Why the Champions League race is still wide open

Uefa Champions League Who despises immortal phrases and seasoned clichés? If the answer is yes, then you may want to make a swift navigation away. But as the new Premier League season dawns upon us, we’re about to wheel out one of our favourites, but with more than a few good reasons to. “It’s there for the taking,” or so someone once said. But in terms of qualification for the Uefa Champions League, it really is.

As Tottenham Hotspur unfortunately found out last term, five into four doesn’t really fit. Finishing fourth should have all but guaranteed a ticket into Europe’s elite cup competition, but Chelsea’s continental marvels but paid to that. The competition for a place in the Champions League has never been fiercer. Although a look at the Premier League table at the end of last season makes for some interesting reading. And it may not be quite the fluky one off many have perceived it to be.

A mere six points separated the third placed Arsenal from the sixth placed Chelsea at the end of last season. Whilst many believe Chelsea had something of a one-off nightmare of a term, some have labeled Newcastle United’s effort of fifth placed as a similar freak event.

But those expecting there to be some kind of swift change back to the traditional days of the ‘big four’ could be sorely mistaken.

Last season threw up quite the interesting statistic. Arsenal, the team who finished third in the Premier League, lost over a quarter of their games last season. Think about that for a moment. The team deemed to be the third best in the land, behind only the two Manchester clubs who tied on 89 points, were able to loose 10 games out of their 38.

This isn’t a veiled dig at the Gunners. But the playing field of the Barclays Premier League is in some ways, closer than it ever has been. Yes, there was something of a chastising gap between second and third, almost to the tune of 20 points. But beneath that, there wasn’t really much in between the teams.

Because whilst you can argue that Arsenal and Spurs had more quality in their ranks than Newcastle United, it was consistency that the Magpies had which proved as big a commodity as anything. Even then, palming off the likes of Cabaye, Cisse and Ba et al as inferior is doing them more than a touch of disservice- both North London teams could have done with a few of Alan Pardew’s men during the course of the season.

But what it shows is that nothing is impossible. We have moved out of this era of domination where reputations stand before reality. Despite the managerial fragility at Stamford Bridge, you would have been hard pushed to float the notion that a team with such a galaxy of stars could finish sixth. But they did.

Third place is up for grabs in the Premier League. If either Chelsea, Arsenal or Tottenham can find a little consistency and maybe if Newcastle United can dig up another gem of a signing, then any could push on in the league next year. And that’s what makes it so exciting.

It’s difficult to tell what last season suggests about the strength of the Premier League as a whole. You can argue that the improvement in teams such as Newcastle United, and in the longer term Tottenham Hotspur, signify a league which has collectively grown stronger.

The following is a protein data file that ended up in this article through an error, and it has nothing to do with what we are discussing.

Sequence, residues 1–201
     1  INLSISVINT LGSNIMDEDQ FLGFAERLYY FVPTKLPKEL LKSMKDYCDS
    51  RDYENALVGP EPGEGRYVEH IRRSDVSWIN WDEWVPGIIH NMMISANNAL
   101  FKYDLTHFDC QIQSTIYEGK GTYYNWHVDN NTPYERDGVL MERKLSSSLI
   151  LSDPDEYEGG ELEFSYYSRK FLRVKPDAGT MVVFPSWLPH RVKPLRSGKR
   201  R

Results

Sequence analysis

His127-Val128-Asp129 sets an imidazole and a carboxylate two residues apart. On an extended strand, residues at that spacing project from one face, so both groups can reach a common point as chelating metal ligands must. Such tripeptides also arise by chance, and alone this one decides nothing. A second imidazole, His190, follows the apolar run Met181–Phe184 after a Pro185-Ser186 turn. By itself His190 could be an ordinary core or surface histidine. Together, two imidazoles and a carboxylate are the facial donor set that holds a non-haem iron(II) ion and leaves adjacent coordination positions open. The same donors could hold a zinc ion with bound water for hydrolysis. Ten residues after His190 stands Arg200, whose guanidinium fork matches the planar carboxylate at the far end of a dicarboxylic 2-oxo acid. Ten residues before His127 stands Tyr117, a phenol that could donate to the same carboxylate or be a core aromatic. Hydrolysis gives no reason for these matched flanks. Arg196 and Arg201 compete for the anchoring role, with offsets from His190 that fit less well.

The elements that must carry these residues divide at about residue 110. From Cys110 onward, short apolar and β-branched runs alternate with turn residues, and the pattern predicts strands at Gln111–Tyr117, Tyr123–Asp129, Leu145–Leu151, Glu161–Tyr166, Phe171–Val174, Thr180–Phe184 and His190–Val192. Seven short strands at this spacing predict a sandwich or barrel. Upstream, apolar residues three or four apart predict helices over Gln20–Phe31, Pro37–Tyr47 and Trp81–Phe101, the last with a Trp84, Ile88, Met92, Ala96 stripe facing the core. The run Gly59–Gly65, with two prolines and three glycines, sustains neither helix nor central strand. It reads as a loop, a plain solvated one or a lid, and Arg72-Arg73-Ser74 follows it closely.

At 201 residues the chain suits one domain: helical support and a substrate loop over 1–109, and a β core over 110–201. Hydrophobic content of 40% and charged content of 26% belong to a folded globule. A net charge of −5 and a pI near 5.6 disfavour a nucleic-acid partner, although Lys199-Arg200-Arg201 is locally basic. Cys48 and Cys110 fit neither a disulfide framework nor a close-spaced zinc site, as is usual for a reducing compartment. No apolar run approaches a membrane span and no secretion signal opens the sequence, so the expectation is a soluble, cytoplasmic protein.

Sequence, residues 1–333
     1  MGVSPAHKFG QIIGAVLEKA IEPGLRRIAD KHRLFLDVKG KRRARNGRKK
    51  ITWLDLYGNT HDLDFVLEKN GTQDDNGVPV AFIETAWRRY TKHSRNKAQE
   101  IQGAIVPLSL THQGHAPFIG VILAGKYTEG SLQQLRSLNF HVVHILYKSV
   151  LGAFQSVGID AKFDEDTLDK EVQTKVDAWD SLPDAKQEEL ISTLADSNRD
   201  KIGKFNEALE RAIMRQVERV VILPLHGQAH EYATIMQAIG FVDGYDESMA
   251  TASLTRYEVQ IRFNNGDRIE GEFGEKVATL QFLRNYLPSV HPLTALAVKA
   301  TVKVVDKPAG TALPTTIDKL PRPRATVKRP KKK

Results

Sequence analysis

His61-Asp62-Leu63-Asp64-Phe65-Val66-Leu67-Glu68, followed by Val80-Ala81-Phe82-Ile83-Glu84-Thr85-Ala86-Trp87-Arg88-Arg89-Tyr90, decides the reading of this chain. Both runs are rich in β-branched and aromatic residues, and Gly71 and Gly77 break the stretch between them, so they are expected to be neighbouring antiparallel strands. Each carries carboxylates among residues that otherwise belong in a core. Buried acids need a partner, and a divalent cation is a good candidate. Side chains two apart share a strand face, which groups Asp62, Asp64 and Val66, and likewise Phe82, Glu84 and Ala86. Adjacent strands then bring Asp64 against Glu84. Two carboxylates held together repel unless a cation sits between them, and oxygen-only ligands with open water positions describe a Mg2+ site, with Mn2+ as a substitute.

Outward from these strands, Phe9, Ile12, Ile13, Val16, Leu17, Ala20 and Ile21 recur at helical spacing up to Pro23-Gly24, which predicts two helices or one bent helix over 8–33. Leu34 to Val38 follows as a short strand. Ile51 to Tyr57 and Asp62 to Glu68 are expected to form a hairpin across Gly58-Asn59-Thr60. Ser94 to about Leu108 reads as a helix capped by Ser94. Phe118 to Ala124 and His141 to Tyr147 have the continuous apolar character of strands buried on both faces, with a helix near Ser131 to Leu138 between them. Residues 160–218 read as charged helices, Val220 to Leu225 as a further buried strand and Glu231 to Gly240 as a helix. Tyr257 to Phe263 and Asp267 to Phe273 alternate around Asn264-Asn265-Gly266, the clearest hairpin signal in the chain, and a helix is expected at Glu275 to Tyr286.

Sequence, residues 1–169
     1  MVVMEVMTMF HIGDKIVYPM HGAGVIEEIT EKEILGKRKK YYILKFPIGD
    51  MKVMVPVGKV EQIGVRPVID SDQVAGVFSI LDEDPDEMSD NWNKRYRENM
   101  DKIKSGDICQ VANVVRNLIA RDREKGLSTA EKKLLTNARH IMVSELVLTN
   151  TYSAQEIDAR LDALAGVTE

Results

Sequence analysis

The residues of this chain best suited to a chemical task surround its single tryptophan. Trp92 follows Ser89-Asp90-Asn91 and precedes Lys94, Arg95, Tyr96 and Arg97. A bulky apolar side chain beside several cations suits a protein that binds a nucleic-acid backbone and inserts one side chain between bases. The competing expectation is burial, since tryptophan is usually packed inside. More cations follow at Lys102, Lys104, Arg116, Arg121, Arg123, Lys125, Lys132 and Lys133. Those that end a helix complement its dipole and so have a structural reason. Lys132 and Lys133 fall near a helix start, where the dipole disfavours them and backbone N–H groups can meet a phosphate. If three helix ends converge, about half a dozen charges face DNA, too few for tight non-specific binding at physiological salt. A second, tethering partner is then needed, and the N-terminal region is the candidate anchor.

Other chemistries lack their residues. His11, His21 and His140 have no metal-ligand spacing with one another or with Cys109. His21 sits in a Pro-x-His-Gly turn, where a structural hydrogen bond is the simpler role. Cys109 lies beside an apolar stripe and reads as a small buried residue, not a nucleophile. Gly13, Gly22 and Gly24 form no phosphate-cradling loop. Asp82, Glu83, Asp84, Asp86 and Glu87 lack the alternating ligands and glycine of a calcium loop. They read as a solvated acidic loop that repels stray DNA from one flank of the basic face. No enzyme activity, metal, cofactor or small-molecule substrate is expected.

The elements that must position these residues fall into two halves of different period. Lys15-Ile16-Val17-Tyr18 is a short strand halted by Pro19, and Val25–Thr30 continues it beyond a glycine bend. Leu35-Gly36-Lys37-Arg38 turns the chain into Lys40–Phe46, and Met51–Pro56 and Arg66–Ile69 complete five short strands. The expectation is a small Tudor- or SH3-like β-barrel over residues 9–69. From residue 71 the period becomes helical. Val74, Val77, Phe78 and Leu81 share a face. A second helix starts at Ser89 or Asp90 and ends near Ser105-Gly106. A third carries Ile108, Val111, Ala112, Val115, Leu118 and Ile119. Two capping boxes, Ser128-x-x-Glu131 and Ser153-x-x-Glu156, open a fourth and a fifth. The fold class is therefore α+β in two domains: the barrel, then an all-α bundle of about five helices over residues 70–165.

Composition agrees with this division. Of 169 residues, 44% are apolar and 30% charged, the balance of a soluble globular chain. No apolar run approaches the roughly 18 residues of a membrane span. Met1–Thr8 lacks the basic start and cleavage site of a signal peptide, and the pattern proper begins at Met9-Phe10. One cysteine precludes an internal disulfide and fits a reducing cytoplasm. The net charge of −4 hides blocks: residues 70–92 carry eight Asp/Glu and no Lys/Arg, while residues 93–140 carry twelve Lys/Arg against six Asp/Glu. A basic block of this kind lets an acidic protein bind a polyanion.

But the aforementioned gap between the top two and the chasing pack most definitely wasn’t a fluke. If anyone is looking to make the step-up next season, they’re going to have to seriously raise their game. The second wave of investment at Stamford Bridge has left many feeling a strong hunch for Roberto Di Matteo’s men next season. But as Abramovich overloads on young attacking talent, the Italian is now under something he’s previously evaded during his Chelsea tenure- and that’s pressure.

Spurs and Arsenal both have the capacity to put some daylight between each other. Even if they loose the keep the likes of Luka Modric and Robin van Persie, it’s not going to be enough to make the difference. Solidity and defensive organization, especially away from home, is what both North London clubs need to acquire for next season. If either can start turning losses into draws and draws into wins from last season’s results list, who knows how far they can go. It doesn’t seem like much, but if they can just eek out a bit more steel from their defenses, then the rewards could be richer than they could possibly imagine.

Although ifs, buts and maybes are the sort of words that will always season these pre-season analyses. Any of the four teams who finished beneath the two Manchester clubs will believe that they can make a charge for third next season and if they don’t, then they must start believing it. The Premier League is a tough nut to crack, but Champions League qualification isn’t quite the gauntlet that maybe it once was.

How do you see the battle for Champions League football playing out? Will the status quo remain, will run of them drop out the running or maybe even make a title tilt? Tell me how you see it on Twitter, follow @samuel_antrobus and bat me your views. 

Article title: Why the Champions League race is still wide open

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